Derechos | Equipo Nizkor
Ukraine Presses Pro-Russia Militants After Fighting Spreads to a Port City
Ukraine's security forces pressed their assault to try to reclaim the pro-Russian stronghold of Slovyansk on Saturday, even as the rebels freed seven European military observers and the Kremlin cited the deaths of dozens of people in Odessa as proof that Ukraine could no longer protect its citizens.
The Ukrainian troops built on recent advances into Slovyansk's outskirts, entering the neighboring town of Kramatorsk after firefights with armed rebels. The Interior Ministry said the forces had recaptured the main state security building there and a television tower for the town, allowing for the resumption of Ukrainian television broadcasts that had been replaced by Russian ones.
But even with the military advances, the violence on Friday in Odessa, far west of the country's restive eastern region, was a measure of how far events have spiraled out of the authorities' control. It also added to pressure from Russia, which has long said it could intervene in Ukraine if it believed Russian-leaning residents were in danger. Odessa's population includes many Russian speakers sympathetic to Moscow.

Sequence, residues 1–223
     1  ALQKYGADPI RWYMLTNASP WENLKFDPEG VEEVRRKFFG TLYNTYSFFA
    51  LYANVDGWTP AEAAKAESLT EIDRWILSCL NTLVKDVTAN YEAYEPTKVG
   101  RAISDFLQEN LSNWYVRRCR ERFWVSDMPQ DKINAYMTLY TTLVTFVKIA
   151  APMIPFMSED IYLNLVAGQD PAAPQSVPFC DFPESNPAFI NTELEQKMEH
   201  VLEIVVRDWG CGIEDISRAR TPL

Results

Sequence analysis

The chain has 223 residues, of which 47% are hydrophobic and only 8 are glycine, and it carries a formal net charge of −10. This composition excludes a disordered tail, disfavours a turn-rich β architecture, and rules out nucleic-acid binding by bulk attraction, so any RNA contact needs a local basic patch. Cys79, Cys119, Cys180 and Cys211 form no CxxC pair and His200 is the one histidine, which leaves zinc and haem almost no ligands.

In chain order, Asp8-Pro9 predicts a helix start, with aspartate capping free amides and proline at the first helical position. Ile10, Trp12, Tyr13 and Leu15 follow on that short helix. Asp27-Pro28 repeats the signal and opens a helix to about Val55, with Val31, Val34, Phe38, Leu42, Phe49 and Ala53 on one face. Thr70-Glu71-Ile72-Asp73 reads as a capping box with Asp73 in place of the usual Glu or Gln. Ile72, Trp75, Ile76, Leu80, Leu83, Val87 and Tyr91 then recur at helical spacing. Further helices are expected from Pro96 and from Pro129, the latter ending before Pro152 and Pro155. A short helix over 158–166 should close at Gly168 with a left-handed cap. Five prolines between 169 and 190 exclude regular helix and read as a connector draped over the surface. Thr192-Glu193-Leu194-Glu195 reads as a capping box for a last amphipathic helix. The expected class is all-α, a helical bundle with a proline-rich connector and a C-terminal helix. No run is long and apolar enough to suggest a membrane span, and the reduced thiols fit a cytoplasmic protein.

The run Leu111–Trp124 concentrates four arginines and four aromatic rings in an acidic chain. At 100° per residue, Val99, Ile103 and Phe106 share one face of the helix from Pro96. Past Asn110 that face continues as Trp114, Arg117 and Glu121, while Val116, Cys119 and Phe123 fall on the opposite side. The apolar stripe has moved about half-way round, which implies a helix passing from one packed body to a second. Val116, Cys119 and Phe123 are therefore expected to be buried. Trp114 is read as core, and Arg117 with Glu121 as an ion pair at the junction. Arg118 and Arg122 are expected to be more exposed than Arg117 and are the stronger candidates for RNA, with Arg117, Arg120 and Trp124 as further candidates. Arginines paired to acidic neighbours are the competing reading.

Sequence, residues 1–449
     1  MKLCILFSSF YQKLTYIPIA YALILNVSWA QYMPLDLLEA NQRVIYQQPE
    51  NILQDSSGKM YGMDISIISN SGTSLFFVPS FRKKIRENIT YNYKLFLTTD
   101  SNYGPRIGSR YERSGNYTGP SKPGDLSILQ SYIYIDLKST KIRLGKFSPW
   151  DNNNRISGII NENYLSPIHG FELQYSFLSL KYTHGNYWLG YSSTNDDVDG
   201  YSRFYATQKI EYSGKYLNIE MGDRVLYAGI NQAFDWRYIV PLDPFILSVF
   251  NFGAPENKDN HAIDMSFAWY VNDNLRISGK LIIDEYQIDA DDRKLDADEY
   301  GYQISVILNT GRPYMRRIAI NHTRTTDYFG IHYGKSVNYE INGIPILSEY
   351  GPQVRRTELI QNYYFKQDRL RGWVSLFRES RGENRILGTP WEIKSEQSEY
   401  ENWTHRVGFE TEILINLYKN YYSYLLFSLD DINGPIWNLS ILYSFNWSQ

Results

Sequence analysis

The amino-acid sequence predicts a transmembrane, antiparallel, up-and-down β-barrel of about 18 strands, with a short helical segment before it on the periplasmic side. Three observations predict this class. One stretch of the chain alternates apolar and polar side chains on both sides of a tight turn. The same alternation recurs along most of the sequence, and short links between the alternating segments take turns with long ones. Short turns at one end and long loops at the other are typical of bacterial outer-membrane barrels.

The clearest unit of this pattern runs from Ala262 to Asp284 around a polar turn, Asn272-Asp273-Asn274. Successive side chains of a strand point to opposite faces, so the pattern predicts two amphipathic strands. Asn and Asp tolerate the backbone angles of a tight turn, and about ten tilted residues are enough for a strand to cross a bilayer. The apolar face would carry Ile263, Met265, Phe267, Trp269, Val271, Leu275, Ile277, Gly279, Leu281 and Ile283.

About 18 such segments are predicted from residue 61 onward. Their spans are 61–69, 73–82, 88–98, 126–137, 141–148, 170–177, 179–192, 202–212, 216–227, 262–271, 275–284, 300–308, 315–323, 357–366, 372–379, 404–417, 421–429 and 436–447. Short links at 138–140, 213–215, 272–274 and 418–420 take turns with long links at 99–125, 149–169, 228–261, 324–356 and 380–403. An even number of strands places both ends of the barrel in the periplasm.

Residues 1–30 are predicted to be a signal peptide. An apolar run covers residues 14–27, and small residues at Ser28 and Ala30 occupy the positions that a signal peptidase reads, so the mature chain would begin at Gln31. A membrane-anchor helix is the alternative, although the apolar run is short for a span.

An official in the city said 46 people had died as a result of street battles between pro-Russia and pro-Ukraine groups; many of the dead were pro-Russia militants who had retreated into a trade union building that was then set on fire. If confirmed, the death toll would be the highest since the struggles in February between pro-Europe demonstrators and the pro-Russia Ukrainian government of the ousted President Viktor F. Yanukovych.